While the on-demand society and the companies who hire freelancers have been growing rapidly over these past few years, it hasn’t been without controversy. The flexibility of being an independent contractor has it’s perks. However, one of the biggest drawbacks is the lack of benefits but most freelancers need it.
The upside of hiring an independent contractor is quite clear to an employer: the cost benefits. While the lifespan of employment is generally shorter, an employer can save significantly on costs such as health benefits, as opposed to a full-time position. But that raises the question: is that ethical? Or legal? There’s a very fine line by law when it comes to employee benefits and this concern is being brought up more than ever. In fact, it was brought up at a recent GOP debate when Carly Fiorina was asked about the growing number of workers who do not have a 401k or employer-sponsored retirement plan. Not surprisingly, she skirted around the subject. The matter of benefits for the on-demand workforce is a sleeping giant that seemingly no one wants to deal with. But the firestorm it can create is already apparent.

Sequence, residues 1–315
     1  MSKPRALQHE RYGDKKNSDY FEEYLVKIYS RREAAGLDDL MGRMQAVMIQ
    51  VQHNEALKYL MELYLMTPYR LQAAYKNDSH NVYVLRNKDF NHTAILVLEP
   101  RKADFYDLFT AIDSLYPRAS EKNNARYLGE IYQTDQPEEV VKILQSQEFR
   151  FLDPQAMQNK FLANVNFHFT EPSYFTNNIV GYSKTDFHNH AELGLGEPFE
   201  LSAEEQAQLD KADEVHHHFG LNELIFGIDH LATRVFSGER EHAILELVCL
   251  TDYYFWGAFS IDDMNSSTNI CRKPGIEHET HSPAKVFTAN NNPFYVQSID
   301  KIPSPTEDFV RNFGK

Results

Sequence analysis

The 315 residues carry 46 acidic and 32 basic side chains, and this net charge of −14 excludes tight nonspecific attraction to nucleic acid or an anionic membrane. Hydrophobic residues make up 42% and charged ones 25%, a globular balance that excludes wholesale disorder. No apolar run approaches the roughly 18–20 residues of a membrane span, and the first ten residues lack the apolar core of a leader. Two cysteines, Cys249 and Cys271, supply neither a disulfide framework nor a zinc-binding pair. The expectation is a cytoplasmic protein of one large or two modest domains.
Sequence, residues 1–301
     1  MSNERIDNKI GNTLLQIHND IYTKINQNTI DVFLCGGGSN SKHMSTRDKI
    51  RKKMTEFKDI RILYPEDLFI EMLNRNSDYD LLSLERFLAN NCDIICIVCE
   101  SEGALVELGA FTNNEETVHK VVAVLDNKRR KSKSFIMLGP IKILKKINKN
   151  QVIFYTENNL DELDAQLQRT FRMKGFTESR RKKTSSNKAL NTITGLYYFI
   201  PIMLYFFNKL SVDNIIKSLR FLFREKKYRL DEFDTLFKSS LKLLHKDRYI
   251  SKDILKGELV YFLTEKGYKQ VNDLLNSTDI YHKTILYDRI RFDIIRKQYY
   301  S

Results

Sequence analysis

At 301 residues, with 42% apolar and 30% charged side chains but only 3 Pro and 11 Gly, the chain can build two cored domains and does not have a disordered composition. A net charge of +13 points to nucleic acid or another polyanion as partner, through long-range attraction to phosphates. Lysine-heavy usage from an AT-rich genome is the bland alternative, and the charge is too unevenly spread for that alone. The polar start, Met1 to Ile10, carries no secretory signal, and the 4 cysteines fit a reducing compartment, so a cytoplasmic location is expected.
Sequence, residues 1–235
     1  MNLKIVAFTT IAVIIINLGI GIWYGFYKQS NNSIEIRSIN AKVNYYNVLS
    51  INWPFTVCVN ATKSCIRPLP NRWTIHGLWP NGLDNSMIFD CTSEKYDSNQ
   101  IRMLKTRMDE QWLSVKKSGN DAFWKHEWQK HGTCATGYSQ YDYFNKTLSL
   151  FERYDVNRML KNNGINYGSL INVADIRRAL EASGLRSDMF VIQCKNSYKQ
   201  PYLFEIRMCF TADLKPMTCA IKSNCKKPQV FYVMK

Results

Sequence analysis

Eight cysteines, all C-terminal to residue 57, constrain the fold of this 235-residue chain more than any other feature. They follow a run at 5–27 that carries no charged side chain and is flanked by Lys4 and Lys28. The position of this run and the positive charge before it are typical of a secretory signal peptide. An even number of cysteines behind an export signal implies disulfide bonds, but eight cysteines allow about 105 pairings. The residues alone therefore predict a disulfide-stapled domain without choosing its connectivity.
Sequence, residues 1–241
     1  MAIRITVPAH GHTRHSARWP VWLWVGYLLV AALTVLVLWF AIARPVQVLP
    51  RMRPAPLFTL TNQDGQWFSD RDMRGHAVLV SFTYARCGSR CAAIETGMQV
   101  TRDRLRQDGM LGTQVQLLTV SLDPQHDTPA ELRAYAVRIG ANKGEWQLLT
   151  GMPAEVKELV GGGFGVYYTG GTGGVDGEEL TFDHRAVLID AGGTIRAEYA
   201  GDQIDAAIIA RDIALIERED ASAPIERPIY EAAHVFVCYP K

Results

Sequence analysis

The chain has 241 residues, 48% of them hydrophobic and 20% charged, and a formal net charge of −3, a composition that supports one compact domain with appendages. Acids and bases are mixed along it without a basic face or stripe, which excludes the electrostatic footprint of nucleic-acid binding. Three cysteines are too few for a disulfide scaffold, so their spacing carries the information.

Many leaders of companies in the sharing economy are beginning to address this problem as they realize that this could snowball into longer term difficulties for the on-demand workforce and the employers who hire them if left unaddressed. A group of tech leaders, many from on-demand companies such as Handy, Instacart, and Care.com, have posted a letter on the website Medium calling for lawmakers to address the need of protection and benefits for this workforce. At the core of their campaign is bringing to light a freelancer’s plight – their work is nimble and unpredictable and they need a basic protections to cover them. This campaign and many others similar to it take aim at companies like AirBnb and Uber, two pioneers of the on-demand economy who have been widely criticized for their lack of employee support. While they are now launching campaigns to for legislation to provide independent contractors with support, they want to protect their own business model at the same time.
Change is still far away and slowly coming but the need to address this problem has been noticed. The on-demand workforce has become a very significant part of the American economy and the new way in which it works. In order for it to continue to not only sustain itself and grow, this workforce needs to be supported in one way or another.